The current version of MicrosporidiaDB (MicrosporidiaDB 1.1) contains sequence and annotation data for three microsporidian species. Encephalitozoon cuniculi strain GB-M1 has a small 2.9-Mb genome containing 2053 annotated genes, distributed among 11 chromosomes (24). Encephalitozoon intestinalis has 1889 annotated genes, distributed among 11 chromosomes (this sequence was graciously provided by Patrick Keeling and made available prepublication to the community via MicrosporidiaDB). Enterocytozoon bieneusi H348 has an estimated 6-Mb genome with 3806 annotated genes distributed in three chromosomes (25,26). In addition, EST data from dbEST for E. cuniculi are included.
Genome and gene sequences are subjected to several standard analyses prior to integration in their respective databases. These analyses make several useful searches possible. For example, the sequences can be searched for identification of open reading frames, ESTs that overlap with annotated genes, orthology and synteny between related species and several other searches described in Table 1.
The AmoebaDB and MicrosporidiaDB home pages are virtually identical to all EuPathDB pages, with differences in color, logo and data content only. A visitor to these sites will first notice the home page layout, which has been designed to provide an intuitive and organized venue to access all data and tools. The home page is divided into three main sections (Figure 1); a top banner section, a left-hand information and help section and a central section linking to all searches and tools. The banner section follows a website user on all internal web pages providing quick access back to the home page, gene ID and text searches, ‘contact us’ and login/registration links, and mouse over menus (gray tool bar) providing access to all links in these resources (Figure 1A). The information and help menus on the left (Figure 1B) provide access to a data summary table, database specific news, useful community links and web tutorials. The central section provides links to gene-based searches (Figure 1C), searches against other data types such as genomic sequences, expressed sequence tag data and open reading frames (Figure 1D), and links to tools such as BLAST, the sequence retrieval tool and the genome browser (Figure 1E).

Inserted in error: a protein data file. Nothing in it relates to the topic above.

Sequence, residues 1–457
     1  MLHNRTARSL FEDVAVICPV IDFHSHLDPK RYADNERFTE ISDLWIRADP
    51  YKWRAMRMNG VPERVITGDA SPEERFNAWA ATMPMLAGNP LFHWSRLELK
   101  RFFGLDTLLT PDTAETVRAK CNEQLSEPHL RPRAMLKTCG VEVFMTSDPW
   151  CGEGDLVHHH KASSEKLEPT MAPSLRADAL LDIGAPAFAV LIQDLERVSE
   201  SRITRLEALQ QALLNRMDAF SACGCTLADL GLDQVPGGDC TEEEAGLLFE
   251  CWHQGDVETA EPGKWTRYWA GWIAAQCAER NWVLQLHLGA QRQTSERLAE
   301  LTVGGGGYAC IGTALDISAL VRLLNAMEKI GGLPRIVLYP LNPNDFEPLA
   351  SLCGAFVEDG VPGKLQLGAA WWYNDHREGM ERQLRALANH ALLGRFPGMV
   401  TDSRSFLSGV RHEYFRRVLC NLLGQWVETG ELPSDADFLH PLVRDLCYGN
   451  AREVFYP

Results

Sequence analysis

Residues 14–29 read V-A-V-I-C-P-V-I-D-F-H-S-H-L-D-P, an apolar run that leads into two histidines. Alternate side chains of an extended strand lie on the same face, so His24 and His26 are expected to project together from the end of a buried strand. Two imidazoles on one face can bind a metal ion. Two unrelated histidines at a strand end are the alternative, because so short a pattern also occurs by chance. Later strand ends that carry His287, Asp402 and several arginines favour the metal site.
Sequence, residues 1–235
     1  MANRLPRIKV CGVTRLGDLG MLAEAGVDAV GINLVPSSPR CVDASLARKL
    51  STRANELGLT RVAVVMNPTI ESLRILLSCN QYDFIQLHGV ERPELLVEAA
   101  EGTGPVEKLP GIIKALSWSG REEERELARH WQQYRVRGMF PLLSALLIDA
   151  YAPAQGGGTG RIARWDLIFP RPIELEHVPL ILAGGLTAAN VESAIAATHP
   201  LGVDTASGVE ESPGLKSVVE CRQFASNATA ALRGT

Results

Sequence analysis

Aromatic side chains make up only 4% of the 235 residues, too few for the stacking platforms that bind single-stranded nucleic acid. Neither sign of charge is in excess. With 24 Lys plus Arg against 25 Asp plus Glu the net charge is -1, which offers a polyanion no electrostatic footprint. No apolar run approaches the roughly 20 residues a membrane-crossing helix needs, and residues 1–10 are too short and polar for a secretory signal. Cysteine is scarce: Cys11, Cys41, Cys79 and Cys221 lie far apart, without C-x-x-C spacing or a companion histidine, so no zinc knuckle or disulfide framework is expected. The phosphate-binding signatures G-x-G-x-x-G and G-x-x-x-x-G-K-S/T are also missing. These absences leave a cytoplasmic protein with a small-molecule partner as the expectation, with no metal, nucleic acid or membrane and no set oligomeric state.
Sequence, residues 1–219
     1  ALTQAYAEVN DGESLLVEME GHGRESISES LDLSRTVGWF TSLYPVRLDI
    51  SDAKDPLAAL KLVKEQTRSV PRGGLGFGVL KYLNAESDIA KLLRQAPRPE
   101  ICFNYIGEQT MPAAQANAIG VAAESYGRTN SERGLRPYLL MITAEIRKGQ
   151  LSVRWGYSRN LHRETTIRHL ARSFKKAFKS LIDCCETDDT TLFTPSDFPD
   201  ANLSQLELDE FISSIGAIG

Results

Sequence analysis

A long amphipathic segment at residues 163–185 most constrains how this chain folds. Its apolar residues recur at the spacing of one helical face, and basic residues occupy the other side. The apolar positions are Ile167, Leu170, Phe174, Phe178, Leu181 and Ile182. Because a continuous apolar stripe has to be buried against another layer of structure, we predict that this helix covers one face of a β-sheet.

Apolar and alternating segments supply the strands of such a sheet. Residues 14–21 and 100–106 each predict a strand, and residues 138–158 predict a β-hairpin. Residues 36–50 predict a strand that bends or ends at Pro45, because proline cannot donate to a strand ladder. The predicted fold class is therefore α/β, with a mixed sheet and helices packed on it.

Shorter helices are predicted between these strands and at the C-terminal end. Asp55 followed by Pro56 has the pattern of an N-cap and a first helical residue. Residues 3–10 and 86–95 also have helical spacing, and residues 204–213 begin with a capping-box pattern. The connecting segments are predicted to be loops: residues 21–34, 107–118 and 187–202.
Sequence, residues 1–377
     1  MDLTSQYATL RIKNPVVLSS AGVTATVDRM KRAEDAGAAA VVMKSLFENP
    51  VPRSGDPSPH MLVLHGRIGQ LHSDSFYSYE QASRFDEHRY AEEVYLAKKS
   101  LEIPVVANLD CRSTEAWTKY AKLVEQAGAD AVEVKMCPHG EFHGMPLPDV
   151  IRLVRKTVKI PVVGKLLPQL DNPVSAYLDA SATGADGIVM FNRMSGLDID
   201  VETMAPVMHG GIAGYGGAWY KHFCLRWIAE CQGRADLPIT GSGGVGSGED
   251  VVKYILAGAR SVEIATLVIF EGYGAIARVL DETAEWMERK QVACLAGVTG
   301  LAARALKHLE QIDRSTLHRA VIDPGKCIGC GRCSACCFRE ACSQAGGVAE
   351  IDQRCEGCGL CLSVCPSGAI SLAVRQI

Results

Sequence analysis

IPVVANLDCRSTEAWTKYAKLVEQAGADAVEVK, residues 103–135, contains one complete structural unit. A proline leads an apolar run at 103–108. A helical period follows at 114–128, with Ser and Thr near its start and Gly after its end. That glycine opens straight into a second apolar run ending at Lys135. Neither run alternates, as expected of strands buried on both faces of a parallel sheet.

To perform a search in AmoebaDB or MicrosporidiaDB, a user can start with one of the approximately 40 different available searches. These include finding genes based on identifiers, text (including predicted gene product), species, cellular location, BLAST, transcript expression and orthology. Also, genomic sequences, expressed sequence tags (ESTs) and open reading frames can be searched. Table 1 shows a list and description of available gene searches in AmoebaDB and MicrosporidiaDB. After the first search is run, the next page to appear displays a search strategy builder that includes a graphical representation of the search (Figure 2A), a clickable filter table showing the distribution of the results among the species present in the database (Figure 2B) and a summary of the results (Figure 2C). The search strategy section allows a user to access all strategies including ones in their user profile history, items added to their basket (see below), sample strategies and a search strategy-specific help section (tabs highlighted by red rectangle in Figure 2A). In addition, the graphical representation of the search allows a user to quickly see the total number of results or revise the search by clicking on the search name to reveal a popup window with several options.